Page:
Do you smell a fault?

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Reading the interview with Harriet Walter in today’s Guardian reminded me of seeing her superlative performance in the Donmar Warehouse all-female Shakespeare Trilogy and how utterly star-struck I was when she sat (briefly, in-character) next to me, and how good she smelt.*

It made me think how surprisingly few are the times theatres rely on senses other than sight and hearing to keep us entertained. Taste is an understandable absence of course – even pre-COVID I don’t think licking the set or the cast would have been popular with stage managers. Although one of my earliest theatre-going memories does involve being fed snacks while on stage and I suspect tie-in treats could go a lot further than flavoured popcorn at premieres.

Equally, touch is tricky when we are all stuck in seats, although I note that no less than twice I have been hit in the face by flying bits of prop – a balloon in The Tempest and a poster in Julius Caesar.

But smell? In the closed space of a theatre – and in modern times when the audience is hopefully bringing fewer odours of their own with them – it feels like this should be a possibility.** And not just the smell an ovine cast might bring with it, but real, intentional smells which seek to bring us further into the action.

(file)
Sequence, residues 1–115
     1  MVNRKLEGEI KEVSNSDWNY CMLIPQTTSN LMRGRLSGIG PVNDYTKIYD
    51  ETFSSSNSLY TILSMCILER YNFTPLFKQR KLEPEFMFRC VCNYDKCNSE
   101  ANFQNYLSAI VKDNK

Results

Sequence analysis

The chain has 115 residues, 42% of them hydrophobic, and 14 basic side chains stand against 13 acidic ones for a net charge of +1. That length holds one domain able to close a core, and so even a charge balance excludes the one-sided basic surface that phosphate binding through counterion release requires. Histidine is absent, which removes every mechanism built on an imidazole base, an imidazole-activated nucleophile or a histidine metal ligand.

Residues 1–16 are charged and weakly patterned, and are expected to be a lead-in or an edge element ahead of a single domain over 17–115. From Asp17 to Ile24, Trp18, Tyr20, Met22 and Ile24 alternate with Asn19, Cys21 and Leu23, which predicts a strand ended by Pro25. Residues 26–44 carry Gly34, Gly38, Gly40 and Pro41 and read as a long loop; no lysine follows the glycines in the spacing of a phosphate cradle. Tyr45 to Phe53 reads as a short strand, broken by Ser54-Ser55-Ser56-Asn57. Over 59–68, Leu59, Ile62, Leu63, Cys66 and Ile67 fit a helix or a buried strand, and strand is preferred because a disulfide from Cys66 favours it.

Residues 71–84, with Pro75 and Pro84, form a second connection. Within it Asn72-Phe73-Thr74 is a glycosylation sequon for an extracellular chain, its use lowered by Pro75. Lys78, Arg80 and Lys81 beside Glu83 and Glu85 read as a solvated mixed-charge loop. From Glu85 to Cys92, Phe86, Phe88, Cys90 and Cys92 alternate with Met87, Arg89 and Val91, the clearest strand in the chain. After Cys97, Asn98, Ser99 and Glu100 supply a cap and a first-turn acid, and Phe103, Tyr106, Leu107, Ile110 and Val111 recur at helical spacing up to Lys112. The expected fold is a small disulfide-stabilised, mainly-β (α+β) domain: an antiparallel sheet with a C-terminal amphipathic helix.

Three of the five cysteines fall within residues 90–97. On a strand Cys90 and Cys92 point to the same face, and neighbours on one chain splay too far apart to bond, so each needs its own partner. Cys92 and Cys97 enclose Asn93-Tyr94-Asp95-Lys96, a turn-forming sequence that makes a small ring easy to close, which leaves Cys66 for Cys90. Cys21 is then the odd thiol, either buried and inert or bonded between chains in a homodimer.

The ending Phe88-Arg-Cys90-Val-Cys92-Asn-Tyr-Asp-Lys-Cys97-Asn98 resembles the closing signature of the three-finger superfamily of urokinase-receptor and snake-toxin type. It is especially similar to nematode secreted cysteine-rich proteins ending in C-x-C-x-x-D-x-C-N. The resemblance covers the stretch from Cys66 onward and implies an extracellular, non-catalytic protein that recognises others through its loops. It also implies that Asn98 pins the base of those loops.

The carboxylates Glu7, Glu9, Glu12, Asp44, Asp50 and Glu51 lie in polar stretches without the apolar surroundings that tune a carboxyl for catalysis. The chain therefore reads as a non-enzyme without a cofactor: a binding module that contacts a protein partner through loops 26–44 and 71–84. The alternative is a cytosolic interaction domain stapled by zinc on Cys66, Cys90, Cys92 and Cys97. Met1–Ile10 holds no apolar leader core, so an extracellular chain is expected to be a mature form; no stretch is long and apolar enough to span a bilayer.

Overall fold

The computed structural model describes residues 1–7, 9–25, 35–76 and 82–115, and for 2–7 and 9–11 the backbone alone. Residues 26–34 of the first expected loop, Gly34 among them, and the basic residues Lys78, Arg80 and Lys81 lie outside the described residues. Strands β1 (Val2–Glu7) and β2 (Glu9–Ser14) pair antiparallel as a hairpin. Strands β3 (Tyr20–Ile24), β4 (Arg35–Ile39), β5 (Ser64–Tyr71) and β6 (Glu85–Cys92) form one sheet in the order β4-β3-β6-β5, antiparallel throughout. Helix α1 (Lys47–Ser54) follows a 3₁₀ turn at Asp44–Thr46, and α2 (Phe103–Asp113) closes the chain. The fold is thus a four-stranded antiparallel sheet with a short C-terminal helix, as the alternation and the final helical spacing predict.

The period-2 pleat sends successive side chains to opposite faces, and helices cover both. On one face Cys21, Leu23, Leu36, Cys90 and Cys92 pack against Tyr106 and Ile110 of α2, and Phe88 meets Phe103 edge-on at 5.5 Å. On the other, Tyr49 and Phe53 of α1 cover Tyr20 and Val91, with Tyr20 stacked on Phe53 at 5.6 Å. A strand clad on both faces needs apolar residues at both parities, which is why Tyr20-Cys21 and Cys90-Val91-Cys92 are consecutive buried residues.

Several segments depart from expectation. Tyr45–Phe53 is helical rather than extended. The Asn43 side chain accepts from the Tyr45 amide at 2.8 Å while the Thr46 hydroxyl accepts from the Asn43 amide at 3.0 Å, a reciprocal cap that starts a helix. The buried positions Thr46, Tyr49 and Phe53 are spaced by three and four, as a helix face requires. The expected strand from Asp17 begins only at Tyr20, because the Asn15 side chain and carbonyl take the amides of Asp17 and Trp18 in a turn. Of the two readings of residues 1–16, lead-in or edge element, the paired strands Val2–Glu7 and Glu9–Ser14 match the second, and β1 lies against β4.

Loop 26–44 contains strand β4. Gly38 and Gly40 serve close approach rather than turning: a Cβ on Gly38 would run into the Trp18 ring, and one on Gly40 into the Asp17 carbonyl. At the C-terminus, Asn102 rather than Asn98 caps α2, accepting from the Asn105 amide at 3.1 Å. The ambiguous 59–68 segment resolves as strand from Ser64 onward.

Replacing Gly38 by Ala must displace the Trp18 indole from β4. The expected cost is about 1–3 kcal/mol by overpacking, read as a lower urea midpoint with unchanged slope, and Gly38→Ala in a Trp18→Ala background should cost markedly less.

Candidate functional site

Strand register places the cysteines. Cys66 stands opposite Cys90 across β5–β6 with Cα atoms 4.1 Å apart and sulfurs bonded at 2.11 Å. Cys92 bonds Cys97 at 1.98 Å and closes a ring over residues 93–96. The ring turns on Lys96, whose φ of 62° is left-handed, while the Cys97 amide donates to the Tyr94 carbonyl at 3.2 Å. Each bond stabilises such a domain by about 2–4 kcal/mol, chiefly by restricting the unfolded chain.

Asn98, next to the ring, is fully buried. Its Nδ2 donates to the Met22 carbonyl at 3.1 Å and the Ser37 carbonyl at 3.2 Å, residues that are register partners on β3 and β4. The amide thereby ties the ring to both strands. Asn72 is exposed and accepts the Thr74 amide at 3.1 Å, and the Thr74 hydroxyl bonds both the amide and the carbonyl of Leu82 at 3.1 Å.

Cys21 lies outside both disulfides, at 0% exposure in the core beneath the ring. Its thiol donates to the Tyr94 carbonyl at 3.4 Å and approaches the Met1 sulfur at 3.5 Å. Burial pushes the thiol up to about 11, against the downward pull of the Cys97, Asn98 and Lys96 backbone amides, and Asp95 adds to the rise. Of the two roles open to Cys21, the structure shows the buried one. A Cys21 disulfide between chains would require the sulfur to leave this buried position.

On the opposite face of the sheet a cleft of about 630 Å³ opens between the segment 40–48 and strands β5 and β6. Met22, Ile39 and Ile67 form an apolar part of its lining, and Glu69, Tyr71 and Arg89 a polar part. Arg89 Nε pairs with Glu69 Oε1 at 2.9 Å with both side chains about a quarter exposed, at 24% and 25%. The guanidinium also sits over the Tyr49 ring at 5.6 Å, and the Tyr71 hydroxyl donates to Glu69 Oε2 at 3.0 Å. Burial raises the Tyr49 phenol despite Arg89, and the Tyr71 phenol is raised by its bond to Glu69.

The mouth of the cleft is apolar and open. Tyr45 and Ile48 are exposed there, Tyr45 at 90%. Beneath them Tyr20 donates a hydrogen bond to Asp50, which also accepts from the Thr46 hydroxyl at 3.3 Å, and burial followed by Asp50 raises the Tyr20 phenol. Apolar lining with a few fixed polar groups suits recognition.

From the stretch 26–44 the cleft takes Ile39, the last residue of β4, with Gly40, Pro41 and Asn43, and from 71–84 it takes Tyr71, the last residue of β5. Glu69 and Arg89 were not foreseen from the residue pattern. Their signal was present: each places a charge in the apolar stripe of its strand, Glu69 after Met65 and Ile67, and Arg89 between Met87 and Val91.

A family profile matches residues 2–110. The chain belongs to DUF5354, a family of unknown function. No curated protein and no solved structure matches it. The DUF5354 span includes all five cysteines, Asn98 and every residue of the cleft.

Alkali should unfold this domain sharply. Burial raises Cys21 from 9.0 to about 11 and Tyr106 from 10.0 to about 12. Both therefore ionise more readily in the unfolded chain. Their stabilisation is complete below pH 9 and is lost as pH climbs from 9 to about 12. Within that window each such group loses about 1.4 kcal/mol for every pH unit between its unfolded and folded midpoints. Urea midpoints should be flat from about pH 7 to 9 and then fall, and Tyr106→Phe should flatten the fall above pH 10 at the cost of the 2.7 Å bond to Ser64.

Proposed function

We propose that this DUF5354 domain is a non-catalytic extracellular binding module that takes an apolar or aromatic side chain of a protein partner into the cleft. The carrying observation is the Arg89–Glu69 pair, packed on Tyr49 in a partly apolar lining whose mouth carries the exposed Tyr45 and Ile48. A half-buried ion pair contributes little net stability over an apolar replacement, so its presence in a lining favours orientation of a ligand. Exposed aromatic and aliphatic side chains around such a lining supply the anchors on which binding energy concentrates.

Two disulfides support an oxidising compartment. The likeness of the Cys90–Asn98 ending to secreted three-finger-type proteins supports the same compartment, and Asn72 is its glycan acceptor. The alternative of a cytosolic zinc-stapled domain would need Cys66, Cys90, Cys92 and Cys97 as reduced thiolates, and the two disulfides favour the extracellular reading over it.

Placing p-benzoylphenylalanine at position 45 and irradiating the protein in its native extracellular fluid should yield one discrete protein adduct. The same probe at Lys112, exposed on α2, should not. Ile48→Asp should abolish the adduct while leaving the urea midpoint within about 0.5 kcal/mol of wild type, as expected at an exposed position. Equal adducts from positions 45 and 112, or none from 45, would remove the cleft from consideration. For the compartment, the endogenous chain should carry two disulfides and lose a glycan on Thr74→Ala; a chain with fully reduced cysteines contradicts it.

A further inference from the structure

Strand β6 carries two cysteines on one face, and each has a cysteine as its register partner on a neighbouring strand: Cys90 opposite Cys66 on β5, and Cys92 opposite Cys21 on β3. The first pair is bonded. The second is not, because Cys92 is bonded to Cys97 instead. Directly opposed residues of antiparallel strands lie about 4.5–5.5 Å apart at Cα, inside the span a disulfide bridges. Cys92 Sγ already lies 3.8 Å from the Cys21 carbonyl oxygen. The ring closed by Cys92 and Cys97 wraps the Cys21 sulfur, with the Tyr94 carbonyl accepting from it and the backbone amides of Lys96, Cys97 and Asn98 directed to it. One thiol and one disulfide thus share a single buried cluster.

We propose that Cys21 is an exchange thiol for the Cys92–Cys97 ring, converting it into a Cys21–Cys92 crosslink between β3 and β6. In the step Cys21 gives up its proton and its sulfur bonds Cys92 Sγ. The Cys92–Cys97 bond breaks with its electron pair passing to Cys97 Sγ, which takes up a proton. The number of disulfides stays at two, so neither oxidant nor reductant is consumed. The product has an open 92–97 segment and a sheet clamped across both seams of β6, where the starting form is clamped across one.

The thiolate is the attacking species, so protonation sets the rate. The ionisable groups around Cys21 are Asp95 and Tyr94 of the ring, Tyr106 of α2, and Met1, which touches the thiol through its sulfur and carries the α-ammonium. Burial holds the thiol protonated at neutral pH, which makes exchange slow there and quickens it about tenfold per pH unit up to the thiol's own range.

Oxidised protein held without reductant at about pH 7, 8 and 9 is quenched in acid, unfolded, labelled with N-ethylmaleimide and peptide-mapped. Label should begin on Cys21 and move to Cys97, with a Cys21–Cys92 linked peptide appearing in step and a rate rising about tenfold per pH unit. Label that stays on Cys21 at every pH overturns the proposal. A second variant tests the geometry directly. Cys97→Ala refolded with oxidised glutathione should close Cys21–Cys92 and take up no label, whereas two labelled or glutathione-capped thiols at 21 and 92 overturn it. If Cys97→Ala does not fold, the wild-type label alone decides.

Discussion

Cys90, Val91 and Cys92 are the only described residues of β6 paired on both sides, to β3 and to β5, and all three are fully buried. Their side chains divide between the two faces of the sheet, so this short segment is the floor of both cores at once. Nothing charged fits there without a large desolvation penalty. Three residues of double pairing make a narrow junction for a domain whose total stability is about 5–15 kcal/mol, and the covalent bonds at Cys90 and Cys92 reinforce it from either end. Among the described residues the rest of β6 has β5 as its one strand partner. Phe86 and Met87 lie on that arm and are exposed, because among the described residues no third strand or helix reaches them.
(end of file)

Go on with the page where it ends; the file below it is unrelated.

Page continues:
The Sam Wanamaker Playhouse has its own distinctive scent of beeswax candles – but has experimented with key moments and the Globe has occasionally got in on the action. Outside of the Shakespeare – I recall the Bridge Theatre giving us Karl Marx frying bacon in its opening play, entirely appropriate for a space whose interval snack of fame is the Proustian madeleine.

But what more could there be? How immersive would a beery Cheapside be in Henry IV, or a musty Verona tomb in Romeo and Juliet? And could it work in practice – with modern AC (or just wind, for the Globe) to take away the smell as the scene changed?

I’d love to know if any of you have smelly theatrical memories of your own…


* I don’t think I included it in my review at the time – I was trying to be semi-serious back then.

** It does rely on the absence of mothballs.

Let him seek danger where he was to find fame

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This letter in the Guardian, about the dangers of the stage, got me thinking about why live theatre is so exciting and it is, undeniably, because of the danger. I don’t mean – in this Health and Safety conscious age – the actual physical danger*, but more just the knowledge that things are unpredictable and the end has not already been filmed.

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A kingdom for a stage I

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So this is the first post in a series – about Shakespeare in London, and the places where his places were originally performed.

Shakespeare must have come to London in the 1580s – by 1592, he was being insulted as an “Upstart Crow” which indicates some level of success (and fame).

There were already a number of purpose-built theatres scattered around the outskirts of London, The Red Lion in Whitechapel was the first, followed by the Theatre (1576) and the Curtain (1577) in Shoreditch, and the Rose at Bankside (1587), the first theatre-house in Southwark. They were built outside the city, as the Mayor and Corporation of London had banned plays as a measure to prevent the plague. It seems likely Shakespeare’s early plays were put on by a number of different companies – the title page of the 1594 edition of Titus Andronicus showed that it had been acted by three different companies.

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